Threat actors have targeted Russian government organizations with malicious documents designed to exploit the recently patched MSHTML zero-day flaw in Microsoft Office, security researchers with Malwarebytes reveal.
Exploits for the MSHTML vulnerability were employed in attacks on at least two organizations in Russia, namely the Joint Stock Company State Rocket Center (JSC GREC Makeyev) and the Ministry of the Interior in Moscow.
Leading to remote code execution and tracked as CVE-2021-40444, the security issue was publicly disclosed on September 7, but attacks targeting it have been observed since mid-August.
Microsoft addressed the bug with its September 2021 Patch Tuesday updates and soon after revealed that ransomware operators had started exploiting it. Previously, the company said the security hole had been used in targeted attacks, hinting at advanced persistent threat (APT) activity.
In a report on Wednesday, Malwarebytes too suggests that an APT is likely behind the recently observed targeting of Russian entities.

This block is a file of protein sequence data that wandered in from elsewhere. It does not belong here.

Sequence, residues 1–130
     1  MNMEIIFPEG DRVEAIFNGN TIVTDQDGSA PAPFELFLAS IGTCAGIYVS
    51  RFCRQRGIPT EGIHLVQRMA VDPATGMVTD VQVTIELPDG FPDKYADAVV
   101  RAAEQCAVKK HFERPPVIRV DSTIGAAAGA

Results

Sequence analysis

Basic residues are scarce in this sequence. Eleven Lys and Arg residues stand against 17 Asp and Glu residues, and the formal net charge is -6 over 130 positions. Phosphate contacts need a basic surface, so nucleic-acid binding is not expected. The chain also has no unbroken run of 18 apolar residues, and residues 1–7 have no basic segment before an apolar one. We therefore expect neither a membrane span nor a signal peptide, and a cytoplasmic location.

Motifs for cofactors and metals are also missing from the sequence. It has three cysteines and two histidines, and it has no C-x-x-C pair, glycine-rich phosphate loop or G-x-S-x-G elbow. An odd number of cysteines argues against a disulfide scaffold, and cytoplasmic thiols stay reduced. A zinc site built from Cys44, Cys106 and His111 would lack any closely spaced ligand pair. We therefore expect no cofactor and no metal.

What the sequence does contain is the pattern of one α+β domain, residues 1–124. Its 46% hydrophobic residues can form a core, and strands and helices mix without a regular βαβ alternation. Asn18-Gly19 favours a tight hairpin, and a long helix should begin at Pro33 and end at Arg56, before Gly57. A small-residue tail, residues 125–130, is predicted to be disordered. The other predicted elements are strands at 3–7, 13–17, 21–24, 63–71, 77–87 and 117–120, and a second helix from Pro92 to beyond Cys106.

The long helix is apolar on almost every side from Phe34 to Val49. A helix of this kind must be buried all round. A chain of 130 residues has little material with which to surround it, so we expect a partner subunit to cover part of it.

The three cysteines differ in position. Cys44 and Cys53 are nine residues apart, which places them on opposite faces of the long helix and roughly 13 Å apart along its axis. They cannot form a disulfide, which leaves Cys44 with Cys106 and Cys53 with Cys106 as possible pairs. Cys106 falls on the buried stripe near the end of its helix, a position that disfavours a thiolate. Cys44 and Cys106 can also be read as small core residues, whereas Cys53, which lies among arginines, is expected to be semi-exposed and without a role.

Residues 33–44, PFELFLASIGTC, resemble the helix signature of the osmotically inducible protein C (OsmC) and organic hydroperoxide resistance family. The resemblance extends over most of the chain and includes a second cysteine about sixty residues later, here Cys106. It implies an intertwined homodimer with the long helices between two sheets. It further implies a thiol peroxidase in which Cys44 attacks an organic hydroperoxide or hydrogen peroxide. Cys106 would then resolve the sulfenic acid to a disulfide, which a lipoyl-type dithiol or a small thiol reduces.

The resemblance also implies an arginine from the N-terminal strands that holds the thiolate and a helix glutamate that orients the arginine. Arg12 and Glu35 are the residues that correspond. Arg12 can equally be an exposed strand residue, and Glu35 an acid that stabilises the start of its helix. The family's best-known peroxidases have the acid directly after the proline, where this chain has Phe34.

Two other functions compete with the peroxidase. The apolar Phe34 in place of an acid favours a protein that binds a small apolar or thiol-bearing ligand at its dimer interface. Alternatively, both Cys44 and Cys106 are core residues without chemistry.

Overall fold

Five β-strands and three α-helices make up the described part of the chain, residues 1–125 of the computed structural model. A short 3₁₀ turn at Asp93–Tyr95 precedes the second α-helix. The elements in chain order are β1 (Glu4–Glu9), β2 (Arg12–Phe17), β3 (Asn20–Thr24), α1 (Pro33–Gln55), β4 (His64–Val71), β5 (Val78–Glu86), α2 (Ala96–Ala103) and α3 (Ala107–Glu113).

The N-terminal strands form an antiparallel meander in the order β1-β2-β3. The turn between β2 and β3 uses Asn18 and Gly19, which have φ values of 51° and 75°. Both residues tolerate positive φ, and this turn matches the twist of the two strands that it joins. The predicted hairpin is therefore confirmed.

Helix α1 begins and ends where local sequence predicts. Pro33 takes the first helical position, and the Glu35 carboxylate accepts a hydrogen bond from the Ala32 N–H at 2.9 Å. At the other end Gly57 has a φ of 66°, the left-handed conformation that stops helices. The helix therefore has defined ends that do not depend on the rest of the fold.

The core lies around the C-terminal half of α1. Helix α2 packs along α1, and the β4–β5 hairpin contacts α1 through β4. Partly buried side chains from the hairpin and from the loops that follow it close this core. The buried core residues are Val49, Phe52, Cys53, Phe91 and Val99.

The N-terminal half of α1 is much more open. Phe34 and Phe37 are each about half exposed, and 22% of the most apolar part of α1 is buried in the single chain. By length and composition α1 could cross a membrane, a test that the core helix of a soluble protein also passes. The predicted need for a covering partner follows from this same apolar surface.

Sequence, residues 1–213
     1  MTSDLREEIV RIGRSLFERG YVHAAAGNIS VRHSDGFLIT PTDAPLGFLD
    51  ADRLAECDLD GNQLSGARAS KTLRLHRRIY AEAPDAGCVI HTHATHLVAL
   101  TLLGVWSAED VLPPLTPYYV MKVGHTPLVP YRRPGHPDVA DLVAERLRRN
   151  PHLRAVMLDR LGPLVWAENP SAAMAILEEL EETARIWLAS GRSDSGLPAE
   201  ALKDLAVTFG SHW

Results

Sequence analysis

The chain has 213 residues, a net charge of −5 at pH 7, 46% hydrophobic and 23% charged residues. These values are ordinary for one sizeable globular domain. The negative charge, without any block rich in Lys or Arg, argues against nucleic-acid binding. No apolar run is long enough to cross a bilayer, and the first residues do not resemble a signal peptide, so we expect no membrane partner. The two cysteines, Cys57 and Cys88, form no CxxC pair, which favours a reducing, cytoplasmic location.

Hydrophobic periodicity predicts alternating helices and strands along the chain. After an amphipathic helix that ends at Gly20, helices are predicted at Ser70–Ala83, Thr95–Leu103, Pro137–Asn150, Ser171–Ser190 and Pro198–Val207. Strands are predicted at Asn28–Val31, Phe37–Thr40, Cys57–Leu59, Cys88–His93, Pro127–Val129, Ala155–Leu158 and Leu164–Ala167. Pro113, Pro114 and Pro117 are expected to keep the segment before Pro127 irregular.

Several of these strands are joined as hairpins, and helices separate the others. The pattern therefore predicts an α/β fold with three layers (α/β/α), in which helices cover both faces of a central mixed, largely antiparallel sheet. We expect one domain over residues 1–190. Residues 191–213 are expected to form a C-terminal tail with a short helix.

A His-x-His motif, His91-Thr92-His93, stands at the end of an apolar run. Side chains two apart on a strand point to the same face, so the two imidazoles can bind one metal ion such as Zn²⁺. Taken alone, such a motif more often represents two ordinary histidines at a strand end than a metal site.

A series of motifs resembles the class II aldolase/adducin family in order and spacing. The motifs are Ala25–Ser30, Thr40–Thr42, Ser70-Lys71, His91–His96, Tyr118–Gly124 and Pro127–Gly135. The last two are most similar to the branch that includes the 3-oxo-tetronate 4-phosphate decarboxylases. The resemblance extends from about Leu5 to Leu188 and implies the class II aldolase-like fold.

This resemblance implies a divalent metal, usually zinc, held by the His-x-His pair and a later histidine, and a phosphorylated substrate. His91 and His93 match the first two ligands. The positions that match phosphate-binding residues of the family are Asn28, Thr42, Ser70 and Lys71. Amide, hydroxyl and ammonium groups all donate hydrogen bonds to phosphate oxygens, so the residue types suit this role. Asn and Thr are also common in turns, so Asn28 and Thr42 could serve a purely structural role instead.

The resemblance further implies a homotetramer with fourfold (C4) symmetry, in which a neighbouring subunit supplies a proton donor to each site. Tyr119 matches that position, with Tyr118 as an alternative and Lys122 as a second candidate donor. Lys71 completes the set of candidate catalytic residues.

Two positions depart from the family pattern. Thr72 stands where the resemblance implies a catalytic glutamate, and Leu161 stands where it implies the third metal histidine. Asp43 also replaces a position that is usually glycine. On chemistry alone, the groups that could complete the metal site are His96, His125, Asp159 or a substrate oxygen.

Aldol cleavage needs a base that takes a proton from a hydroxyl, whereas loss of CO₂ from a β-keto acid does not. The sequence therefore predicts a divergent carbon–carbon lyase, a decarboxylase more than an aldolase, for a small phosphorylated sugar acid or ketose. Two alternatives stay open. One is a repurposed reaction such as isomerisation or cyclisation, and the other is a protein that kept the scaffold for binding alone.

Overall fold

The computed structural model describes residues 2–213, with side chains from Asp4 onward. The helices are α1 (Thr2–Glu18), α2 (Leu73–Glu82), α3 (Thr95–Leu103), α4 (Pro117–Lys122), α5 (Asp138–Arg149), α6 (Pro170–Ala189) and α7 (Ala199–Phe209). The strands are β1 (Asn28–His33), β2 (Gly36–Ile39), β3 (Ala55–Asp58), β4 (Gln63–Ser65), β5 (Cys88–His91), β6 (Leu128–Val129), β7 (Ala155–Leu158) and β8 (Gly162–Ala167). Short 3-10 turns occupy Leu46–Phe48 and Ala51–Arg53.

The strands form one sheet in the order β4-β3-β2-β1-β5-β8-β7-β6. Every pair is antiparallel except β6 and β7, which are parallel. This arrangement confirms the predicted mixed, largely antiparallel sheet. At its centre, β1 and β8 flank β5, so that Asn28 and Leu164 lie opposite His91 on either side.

“It is rare that we find evidence of cybercrimes against Russian targets. Given the targets, especially the first one, we suspect that there may be a state-sponsored actor behind these attacks, and we are trying to find out the origin of the attacks,” the cybersecurity company says.
The attack on JSC GREC Makeyev — the country’s defense and industrial center for rocket and space technology — employed phishing emails claiming to come from the HR department, which asked recipients to fill out an attached form and send it to HR.
Once the recipient opened the attached document, they were asked to enable editing, which immediately triggered the exploit. Through loading a specially crafted ActiveX control, the attacker could run arbitrary code and infect the victim’s machine with malware.
Claiming to arrive from the Russian Ministry of the Interior, the second type of attack also requested the recipient to open an attached form and return it to the sender.
CVE-2021-40444 is likely to be increasingly exploited in attacks, despite involving the use of ActiveX. It is a recent security hole and threat actors are already sharing proof-of-concept code, tutorials, and exploits for it, meaning that a large number of cybercriminals and APTs can now target it.